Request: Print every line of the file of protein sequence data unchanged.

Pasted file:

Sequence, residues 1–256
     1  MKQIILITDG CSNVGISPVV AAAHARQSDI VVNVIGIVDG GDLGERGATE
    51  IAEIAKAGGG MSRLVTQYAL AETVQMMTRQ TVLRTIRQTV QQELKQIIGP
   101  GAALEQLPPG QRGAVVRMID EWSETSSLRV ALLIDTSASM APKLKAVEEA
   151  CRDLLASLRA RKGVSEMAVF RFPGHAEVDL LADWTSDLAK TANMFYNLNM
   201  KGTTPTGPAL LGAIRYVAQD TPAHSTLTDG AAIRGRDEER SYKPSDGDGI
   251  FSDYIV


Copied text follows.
Sequence, residues 1–256
     1  MKQIILITDG CSNVGISPVV AAAHARQSDI VVNVIGIVDG GDLGERGATE
    51  IAEIAKAGGG MSRLVTQYAL AETVQMMTRQ TVLRTIRQTV QQELKQIIGP
   101  GAALEQLPPG QRGAVVRMID EWSETSSLRV ALLIDTSASM APKLKAVEEA
   151  CRDLLASLRA RKGVSEMAVF RFPGHAEVDL LADWTSDLAK TANMFYNLNM
   201  KGTTPTGPAL LGAIRYVAQD TPAHSTLTDG AAIRGRDEER SYKPSDGDGI
   251  FSDYIV